Jenna Florio – The Winter Olympics have kicked off in PyeongChang, South Korea. With freezing temperatures, one would think that the perfect atmosphere to compete surrounded the Olympians. However, the political atmosphere has created contention. It appeared that bringing ninety-two countries’ finest athletes to PyeongChang circumvented scandal, but a couple weeks before the opening ceremony the 2018 Games became clouded by yet another story alleging corruption. United States federal prosecutors issued grand jury subpoenas to the International Olympic Committee, the U.S. Olympic Committee and soccer’s governing body, FIFA. This comes during an already controversial time for the IOC and USOC, because in the backdrop are remaining allegations of bribery related to the 2016 Rio Olympics, and the aftermath of the sexual abuse conviction of Larry Nassar, former U.S. gymnastics team doctor.
The Justice Department is focusing on “possible racketeering, money laundering and fraud charges related to two track and field world championship events and the business executives who have consulted on bids for various other elite competitions, according to one of the subpoenas.” The Eastern District of New York is leading the investigation. This is the same Brooklyn office of prosecutors who have investigated FIFA, which resulted in multiple bribery and corruption charges. Additionally, this office spent years investigating systematic doping in Russia.
The subpoenas have requested text messages, emails, notes, and contracts, and have solicited testimony and financial records from the last five years. Investigators are focused on two major sporting events that the United States has won bids on since then: the 2021 track and field world championships, in Eugene, Ore., and the 2028 Summer Olympics, in Los Angeles. The subpoenas also hone in on the IAAF, the track and field’s governing body, This investigation doesn’t come out of the blue, but is merely an expansion of pre-existing conflict. In summer 2017, the FBI and IRS investigated the bid by Eugene and USA Track and Field for the world championships. These world championships occur every two years, and Eugene had los the bid to Quatar for the 2019 world championships. The announcement of the winning bid came as a surprise during the IAAF council meeting in Beijing because there was no formal bidding process. At the time, Lamine Diack was IAAF president. Since, he has been detained in France “due to allegations of accepting bribes and covering up doping violations by Russian athletes.”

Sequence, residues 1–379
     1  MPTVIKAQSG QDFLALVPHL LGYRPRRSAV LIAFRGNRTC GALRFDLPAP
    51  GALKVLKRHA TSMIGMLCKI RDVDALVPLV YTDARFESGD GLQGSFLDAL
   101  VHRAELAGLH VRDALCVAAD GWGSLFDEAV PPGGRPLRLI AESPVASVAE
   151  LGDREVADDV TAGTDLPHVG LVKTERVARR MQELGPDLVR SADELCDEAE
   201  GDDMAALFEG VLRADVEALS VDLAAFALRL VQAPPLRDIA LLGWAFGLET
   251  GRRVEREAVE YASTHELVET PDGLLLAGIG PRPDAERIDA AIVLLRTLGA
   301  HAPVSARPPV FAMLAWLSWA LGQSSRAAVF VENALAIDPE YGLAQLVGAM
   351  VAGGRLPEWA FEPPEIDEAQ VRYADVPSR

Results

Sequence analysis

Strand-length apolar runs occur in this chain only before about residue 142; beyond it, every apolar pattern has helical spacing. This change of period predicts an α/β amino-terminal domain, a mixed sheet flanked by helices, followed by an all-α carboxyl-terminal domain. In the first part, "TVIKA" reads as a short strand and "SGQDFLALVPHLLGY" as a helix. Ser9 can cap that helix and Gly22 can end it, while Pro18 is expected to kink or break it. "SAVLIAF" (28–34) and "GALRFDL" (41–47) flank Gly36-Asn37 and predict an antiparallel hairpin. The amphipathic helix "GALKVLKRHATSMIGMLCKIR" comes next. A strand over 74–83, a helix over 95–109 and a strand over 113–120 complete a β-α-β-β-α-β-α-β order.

The United States is not alone in this pursuit. The choices of Eugene and Doha have caused France’s national financial prosecutor’s office to investigate the track and field governing body as well. Brazilian authorities have arrested Carlos Arthur Nuzman, the head of Brazil’s Olympic committee, because of connections to Mr. Diack and his son. They were suspicious that he was helped by bribery to obtain votes for Rio de Janiero’s successful bid for the 2016 Summer Games from members of the IOC. The American investigation most likely overlaps with the investigation abroad. However, American’s are not letting FIFA off the hook here. They are casting a wider net to encapsulate them in these allegations, as FIFA plans to schedule the 2022 World Cup in Quatar.
Bribery has colored international bidding for quite sometime. However, governing bodies around the globe seem to have had enough. The investigations are very vague, but perhaps purposely so, in order to obtain as much information as possible. Just when it seemed like South Korea skirted controversy, international scandal clouded the 2018 Games.
 Alex Baker, Five Problems facing the Winter Olympics in PyeongChang, Yahoo Sports, (Feb 6, 2018). https://sports.yahoo.com/five-problems-facing-winter-olympics-pyeongchang-010900062.html.
 Rebecca R. Ruiz, Just Dept. Escalates Inquiry on Global Sports Corruption, The New York Times, (Jan 31, 2018). https://www.nytimes.com/2018/01/31/sports/fifa-ioc-usoc-iaaf.html.
 , Charlotte Carroll and Chris Chavez, Report: DOJ Issues Subpeonas in Investigation Into International Sports Corruption, Sports Illustrated, (Jan 31, 2018). https://www.si.com/olympics/2018/01/31/justice-department-information-fifa-ioc-usoc.
 See id.
 Carroll, supra note 9
 Kevin Skiver, Justice Department, in Sweeping Corruption Probe of Fifa, USOC, Issues Subpoenas, CBSSports, (Jan 31, 2018). https://www.cbssports.com/olympics/news/justice-department-in-sweeping-corruption-probe-of-fifa-usoc-issues-subpoenas/.